12 things white people can do now because Ferguson – Quartz -
For the first couple of days, almost all of the status updates expressing anger and grief about yet another extrajudicial killing of an unarmed black boy, the news articles about the militarized police altercations with community members and the horrifying pictures of his dead body on the city concrete were posted by people of color. Outpourings of rage and demands for justice were voiced by black people, Latinos, Asian Americans, Arab American Muslims. But posts by white people were few at first and those that I saw were posted mostly by my white activist or academic friends who are committed to putting themselves on the frontlines of any conversation about racial or economic injustice in America. And almost nothing, silence practically, by the majority of my nonactivist, nonacademic white friends—those same people who gleefully jumped on the bandwagon to dump buckets of ice over their heads to raise money for ALS and those same people who immediately wrote heartfelt messages about reaching out to loved ones suffering from depression following the suicide of the extraordinary Robin Williams, may he rest in peace. But an unarmed black teenager minding his own business walking down the street in broad daylight gets harassed and murdered by a white police officer and those same people seem to have nothing urgent to say about pervasive, systemic, deadly racism in America?
They have nothing to say?
Why? The simplest explanation is because Facebook is, well, Facebook. It’s not the New York Times or a town hall meeting or the current events class at your high school. It’s the internet playground for sharing cat videos, cheeky status updates about the joys and tribulations of living with toddlers, and humble bragging about your fabulous European vacation. Some people don’t think Facebook is the forum for serious conversations. Okay, that’s fine if you fall into that category and your wall is nothing but rainbows and happy talk about how much you love your life.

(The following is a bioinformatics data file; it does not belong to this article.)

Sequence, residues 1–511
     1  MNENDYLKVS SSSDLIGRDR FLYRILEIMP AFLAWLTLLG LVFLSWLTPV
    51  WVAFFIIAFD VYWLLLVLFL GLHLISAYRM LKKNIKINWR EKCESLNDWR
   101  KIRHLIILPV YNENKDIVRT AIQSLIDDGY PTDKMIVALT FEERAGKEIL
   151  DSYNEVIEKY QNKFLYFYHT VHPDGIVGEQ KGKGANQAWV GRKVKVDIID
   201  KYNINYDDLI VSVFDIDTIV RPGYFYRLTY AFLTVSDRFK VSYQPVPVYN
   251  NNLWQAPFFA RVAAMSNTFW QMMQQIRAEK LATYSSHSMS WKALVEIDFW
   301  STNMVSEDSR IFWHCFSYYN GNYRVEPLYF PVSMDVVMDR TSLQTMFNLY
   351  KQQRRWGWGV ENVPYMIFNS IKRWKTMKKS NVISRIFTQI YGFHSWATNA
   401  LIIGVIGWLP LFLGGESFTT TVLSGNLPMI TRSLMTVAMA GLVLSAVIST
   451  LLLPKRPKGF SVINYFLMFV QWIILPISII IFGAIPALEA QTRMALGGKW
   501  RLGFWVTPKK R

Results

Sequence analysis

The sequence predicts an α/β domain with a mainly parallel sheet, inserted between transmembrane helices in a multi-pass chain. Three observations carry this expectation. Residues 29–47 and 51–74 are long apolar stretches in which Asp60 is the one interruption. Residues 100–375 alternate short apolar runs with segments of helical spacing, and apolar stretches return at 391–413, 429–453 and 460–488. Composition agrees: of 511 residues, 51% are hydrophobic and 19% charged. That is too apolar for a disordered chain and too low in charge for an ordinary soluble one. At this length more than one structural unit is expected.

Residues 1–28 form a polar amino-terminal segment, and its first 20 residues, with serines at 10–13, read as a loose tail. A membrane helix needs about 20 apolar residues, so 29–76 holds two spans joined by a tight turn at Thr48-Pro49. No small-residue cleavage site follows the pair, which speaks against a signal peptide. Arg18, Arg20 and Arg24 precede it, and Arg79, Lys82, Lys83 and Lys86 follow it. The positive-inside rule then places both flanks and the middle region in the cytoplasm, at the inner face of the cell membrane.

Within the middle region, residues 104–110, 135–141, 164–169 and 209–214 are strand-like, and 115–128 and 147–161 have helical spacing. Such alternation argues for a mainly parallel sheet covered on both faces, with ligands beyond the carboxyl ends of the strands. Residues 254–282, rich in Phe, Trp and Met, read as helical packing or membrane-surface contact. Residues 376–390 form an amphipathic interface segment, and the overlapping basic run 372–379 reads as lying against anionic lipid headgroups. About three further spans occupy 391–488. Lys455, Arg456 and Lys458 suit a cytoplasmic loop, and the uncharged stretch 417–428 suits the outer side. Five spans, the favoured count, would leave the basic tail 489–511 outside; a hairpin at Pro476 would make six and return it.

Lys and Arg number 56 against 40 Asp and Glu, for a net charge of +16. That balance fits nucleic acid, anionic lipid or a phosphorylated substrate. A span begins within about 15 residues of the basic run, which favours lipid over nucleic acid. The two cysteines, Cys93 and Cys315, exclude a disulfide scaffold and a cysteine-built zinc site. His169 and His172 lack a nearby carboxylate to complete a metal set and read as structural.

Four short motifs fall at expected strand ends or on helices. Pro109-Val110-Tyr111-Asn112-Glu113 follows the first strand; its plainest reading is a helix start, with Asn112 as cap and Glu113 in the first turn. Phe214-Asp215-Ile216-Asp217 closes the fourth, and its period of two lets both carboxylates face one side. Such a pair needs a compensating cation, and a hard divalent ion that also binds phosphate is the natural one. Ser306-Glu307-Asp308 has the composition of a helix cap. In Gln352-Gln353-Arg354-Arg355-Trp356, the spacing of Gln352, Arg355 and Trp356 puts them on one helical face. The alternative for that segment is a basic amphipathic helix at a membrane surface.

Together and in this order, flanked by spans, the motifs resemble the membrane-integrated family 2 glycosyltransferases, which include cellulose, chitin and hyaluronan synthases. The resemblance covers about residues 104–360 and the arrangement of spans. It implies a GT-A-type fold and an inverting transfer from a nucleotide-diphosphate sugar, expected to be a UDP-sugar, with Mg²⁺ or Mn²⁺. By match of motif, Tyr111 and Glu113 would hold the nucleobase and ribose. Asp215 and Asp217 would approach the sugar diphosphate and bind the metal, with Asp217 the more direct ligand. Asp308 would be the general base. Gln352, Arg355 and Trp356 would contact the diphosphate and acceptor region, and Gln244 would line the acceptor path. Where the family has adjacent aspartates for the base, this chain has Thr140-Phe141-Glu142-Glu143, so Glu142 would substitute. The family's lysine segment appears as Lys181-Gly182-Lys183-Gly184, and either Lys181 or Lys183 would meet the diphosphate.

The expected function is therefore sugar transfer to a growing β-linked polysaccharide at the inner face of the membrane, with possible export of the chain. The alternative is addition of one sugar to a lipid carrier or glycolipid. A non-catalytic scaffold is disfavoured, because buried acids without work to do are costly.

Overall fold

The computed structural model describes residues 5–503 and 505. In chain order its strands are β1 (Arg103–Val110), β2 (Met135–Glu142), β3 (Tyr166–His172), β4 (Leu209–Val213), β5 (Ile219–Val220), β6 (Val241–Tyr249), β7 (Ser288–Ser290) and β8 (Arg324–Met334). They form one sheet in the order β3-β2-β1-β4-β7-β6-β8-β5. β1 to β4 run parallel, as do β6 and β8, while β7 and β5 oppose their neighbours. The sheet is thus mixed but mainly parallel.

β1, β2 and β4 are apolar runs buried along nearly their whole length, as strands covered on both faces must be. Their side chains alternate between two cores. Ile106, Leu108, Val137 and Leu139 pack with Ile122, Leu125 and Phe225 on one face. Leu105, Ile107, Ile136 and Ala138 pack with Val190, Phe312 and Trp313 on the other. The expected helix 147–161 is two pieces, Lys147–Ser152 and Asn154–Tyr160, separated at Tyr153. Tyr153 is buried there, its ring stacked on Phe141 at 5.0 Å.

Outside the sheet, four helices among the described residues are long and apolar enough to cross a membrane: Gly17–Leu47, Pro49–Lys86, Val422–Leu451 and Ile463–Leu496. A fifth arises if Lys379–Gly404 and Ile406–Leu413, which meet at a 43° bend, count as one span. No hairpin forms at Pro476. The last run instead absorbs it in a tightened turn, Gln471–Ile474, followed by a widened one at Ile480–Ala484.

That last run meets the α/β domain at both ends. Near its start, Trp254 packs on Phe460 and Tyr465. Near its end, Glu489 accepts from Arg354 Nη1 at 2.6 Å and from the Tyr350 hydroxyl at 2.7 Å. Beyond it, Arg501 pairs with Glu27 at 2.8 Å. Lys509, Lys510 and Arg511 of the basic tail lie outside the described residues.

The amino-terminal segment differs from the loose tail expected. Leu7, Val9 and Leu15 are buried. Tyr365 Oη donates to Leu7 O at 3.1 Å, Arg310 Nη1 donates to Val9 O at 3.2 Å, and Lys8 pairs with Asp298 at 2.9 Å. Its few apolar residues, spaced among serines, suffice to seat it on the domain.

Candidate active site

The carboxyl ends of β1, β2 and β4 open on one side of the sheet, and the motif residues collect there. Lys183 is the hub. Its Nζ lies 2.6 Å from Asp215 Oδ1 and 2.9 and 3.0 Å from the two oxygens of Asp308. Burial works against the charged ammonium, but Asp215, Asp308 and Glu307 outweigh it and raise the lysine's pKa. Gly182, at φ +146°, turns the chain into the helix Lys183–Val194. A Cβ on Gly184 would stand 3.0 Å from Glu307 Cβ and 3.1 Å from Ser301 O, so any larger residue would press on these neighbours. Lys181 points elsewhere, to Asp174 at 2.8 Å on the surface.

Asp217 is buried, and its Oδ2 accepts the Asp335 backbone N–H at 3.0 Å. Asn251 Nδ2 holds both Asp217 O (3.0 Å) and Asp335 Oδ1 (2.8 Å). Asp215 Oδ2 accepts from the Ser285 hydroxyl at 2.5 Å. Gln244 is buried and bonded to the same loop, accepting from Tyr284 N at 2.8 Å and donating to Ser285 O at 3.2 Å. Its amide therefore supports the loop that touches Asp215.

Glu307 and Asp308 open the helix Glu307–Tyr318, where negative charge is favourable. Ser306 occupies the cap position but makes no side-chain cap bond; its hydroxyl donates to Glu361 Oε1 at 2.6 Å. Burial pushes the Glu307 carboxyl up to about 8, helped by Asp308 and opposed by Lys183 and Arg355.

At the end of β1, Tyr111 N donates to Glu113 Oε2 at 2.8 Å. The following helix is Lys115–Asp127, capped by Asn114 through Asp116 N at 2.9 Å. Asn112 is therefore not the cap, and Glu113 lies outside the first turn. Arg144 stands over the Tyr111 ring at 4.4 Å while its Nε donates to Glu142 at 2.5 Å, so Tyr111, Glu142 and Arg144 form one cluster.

However, I think the explanation is more complex and mirrors the silence of many people that I witness in real life. A lot of white people aren’t speaking out publicly against the killing of Michael Brown because they don’t see a space for themselves to engage meaningfully in the conversation so that they can move to action against racism. It’s not so much that they have nothing to say but rather they don’t see an opportunity being opened up for them to say something or to do something that matters. Or they might not be sure what to say or how to do it. They might have a hard time seeing a role for themselves in the fight against racism because they aren’t racist, they don’t feel that racism affects them or their loved ones personally, they worry that talking about race and differences between cultures might make things worse, or they think they rarely see overt racism at play in their everyday lives. And, sometimes, they are afraid. There’s a real fear of saying the wrong thing even if the intention is pure, of being alienated socially and economically from other white people for standing in solidarity with black people, or of putting one’s self in harm’s way, whether the harm be physical or psychological. I’m not saying those aren’t valid fears but I am challenging white people to consider carefully whether failing to speak out or act because of those fears is justified when white silence and inaction mean the oppression and death of black people.